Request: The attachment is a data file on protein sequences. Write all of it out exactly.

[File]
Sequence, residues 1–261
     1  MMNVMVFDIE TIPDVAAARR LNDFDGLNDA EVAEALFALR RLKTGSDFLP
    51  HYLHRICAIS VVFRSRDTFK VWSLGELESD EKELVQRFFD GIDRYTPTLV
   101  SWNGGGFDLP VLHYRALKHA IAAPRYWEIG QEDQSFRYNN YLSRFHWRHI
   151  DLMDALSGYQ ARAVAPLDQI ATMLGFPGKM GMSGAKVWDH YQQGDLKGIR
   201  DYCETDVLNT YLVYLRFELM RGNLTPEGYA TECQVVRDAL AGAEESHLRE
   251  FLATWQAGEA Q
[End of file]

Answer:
Sequence, residues 1–261
     1  MMNVMVFDIE TIPDVAAARR LNDFDGLNDA EVAEALFALR RLKTGSDFLP
    51  HYLHRICAIS VVFRSRDTFK VWSLGELESD EKELVQRFFD GIDRYTPTLV
   101  SWNGGGFDLP VLHYRALKHA IAAPRYWEIG QEDQSFRYNN YLSRFHWRHI
   151  DLMDALSGYQ ARAVAPLDQI ATMLGFPGKM GMSGAKVWDH YQQGDLKGIR
   201  DYCETDVLNT YLVYLRFELM RGNLTPEGYA TECQVVRDAL AGAEESHLRE
   251  FLATWQAGEA Q